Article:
So it sounds like some one has already hacked the Microsoft Janus enabled Napster to Go service (as my colleague Josh Green blogged yesterday). One of the risks of portable rentals was always that some one could turn unlimited temporary files into unlimited permanent files. However in this instance it appears that a slightly less sophisticated approach has been used, recording the audio stream using a downloaded application.
And this is where we start seeing some of the inherent disconnects between digitally distributed music and CD and radio. People have always recorded from traditional music sources. Itís just part of consumersí way of enjoying music, some countries even have legislation enshrining the right of fair use personal copying. Even without software cracks, itís easy for anyone to record from their computer: all they need to do is plug an audio out from their computer and plug that into either a tape deck or another computer or other device which can record audio. Audio recording is just not something you can stop with DRM, at least not in any way that doesnít seriously detract from the user experience. So though Steve Jobs supposedly used the Napster hack to swipe at Napster, the iTunes Music Store model isnít safe either. Exactly the same can be done with paid for ITMS tracks. The difference of course is that you have to pay for each track rather than a flat fee for an unlimited amount.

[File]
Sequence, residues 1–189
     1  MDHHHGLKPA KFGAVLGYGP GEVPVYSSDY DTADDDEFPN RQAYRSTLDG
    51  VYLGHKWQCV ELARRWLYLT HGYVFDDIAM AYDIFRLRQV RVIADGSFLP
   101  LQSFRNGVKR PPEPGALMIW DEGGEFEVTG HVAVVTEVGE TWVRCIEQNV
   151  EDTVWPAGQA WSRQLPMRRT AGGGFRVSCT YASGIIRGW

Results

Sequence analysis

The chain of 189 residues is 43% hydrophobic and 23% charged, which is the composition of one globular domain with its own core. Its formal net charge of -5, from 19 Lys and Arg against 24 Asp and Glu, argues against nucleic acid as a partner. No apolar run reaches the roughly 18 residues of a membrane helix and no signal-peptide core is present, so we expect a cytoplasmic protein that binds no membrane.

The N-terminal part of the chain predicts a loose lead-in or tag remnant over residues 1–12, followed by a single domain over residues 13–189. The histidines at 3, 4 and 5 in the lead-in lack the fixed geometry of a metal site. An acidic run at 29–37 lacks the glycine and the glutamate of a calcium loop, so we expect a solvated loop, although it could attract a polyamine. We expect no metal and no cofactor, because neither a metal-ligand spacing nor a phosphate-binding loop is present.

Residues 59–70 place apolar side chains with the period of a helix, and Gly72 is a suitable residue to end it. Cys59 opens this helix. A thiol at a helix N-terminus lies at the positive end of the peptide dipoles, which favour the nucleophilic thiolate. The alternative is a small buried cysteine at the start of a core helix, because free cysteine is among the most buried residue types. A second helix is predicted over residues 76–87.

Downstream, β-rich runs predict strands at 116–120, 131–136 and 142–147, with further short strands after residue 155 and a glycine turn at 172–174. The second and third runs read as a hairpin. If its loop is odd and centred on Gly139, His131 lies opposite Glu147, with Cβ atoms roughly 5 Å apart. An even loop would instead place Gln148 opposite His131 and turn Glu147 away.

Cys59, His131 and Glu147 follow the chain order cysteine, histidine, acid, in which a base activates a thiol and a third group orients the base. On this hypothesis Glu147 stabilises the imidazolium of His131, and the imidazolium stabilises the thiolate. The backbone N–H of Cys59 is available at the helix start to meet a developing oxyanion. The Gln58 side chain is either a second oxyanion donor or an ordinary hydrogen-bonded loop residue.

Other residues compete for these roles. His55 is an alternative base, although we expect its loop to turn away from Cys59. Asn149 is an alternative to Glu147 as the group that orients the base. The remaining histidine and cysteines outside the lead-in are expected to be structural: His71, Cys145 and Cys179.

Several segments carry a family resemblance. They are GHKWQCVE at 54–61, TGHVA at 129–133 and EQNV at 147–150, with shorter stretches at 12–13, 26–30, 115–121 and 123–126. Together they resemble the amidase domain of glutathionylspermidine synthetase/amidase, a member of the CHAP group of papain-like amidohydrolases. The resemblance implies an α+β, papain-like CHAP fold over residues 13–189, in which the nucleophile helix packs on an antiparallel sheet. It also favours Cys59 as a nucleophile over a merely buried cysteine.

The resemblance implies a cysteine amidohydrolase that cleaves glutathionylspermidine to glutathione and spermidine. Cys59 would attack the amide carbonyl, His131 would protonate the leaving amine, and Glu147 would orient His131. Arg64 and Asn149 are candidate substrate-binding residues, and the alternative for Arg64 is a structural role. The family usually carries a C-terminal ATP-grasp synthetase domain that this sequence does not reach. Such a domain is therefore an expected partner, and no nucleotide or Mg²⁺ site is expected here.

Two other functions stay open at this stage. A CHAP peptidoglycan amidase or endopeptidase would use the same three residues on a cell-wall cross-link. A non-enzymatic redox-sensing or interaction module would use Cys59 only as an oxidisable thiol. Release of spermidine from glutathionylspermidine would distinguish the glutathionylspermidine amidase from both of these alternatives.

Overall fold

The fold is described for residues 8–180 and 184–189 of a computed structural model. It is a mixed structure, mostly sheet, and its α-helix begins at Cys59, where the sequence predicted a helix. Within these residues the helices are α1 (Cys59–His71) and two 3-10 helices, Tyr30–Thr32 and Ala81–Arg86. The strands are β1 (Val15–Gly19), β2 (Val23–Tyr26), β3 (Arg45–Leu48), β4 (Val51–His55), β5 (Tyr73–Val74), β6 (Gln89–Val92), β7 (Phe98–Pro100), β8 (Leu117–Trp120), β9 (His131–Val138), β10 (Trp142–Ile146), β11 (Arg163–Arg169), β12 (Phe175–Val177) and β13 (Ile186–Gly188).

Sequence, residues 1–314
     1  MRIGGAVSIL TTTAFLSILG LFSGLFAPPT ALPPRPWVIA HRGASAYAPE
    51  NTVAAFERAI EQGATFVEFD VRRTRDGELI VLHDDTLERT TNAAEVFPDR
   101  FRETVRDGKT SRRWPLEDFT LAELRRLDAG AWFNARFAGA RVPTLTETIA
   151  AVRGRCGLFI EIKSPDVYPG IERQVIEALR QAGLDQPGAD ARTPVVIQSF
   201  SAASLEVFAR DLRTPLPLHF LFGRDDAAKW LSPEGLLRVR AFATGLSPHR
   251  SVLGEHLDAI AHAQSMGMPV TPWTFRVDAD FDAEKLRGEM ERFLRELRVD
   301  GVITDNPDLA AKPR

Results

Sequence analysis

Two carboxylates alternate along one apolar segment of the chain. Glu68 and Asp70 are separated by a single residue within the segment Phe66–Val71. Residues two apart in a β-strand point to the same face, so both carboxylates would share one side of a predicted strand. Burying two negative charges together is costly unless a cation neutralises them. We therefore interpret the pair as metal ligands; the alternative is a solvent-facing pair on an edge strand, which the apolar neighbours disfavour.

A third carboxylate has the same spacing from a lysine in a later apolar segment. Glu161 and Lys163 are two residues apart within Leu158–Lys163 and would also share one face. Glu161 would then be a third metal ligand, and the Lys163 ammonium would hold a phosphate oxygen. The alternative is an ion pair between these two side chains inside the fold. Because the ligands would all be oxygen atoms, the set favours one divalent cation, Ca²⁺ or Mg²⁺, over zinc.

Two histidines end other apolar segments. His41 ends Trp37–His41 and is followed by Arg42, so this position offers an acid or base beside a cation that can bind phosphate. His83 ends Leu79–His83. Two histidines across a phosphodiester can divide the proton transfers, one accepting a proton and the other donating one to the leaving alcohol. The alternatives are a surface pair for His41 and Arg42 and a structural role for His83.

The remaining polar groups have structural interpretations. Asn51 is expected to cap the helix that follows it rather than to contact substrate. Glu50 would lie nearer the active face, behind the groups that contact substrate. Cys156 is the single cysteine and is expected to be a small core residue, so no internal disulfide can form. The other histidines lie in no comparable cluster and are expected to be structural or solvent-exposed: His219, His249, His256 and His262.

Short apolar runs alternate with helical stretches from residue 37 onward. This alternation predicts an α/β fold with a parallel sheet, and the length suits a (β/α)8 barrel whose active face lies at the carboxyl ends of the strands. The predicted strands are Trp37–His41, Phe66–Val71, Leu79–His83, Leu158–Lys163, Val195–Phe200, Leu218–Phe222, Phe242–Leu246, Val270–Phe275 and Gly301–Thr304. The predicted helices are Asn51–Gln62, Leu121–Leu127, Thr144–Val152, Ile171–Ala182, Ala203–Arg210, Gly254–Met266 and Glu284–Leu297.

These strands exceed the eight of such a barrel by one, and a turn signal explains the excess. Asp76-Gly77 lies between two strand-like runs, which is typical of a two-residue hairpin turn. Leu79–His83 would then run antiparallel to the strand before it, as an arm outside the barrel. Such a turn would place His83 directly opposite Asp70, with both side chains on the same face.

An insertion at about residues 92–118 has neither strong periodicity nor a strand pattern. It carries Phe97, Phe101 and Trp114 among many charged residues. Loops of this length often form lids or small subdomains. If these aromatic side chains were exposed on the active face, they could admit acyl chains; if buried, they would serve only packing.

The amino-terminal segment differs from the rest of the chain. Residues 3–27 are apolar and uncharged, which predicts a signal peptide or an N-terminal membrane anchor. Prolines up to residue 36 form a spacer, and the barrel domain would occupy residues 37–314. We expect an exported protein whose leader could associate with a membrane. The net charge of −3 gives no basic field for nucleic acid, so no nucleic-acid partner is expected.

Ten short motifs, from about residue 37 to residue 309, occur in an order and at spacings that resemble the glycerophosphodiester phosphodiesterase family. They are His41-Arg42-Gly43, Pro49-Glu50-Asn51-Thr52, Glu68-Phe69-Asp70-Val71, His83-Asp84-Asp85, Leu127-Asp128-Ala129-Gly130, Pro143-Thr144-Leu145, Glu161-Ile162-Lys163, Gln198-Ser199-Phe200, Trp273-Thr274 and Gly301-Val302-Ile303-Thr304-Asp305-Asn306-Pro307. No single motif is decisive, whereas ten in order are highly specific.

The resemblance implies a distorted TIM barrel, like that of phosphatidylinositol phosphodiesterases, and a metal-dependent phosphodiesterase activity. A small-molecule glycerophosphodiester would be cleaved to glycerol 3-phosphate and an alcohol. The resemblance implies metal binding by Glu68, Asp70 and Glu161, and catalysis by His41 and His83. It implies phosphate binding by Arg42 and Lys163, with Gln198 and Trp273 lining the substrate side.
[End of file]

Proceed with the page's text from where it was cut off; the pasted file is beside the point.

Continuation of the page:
Whatever fix may or may not be put in place, there will always be hackers out there busy working on the first crack. No DRM is fail-safe, nor will it ever be. The role of DRM, if it has to be there at all, should be to make it difficult enough to deter to majority from infringing, and I would argue that Napsterís DRM succeeds in that role.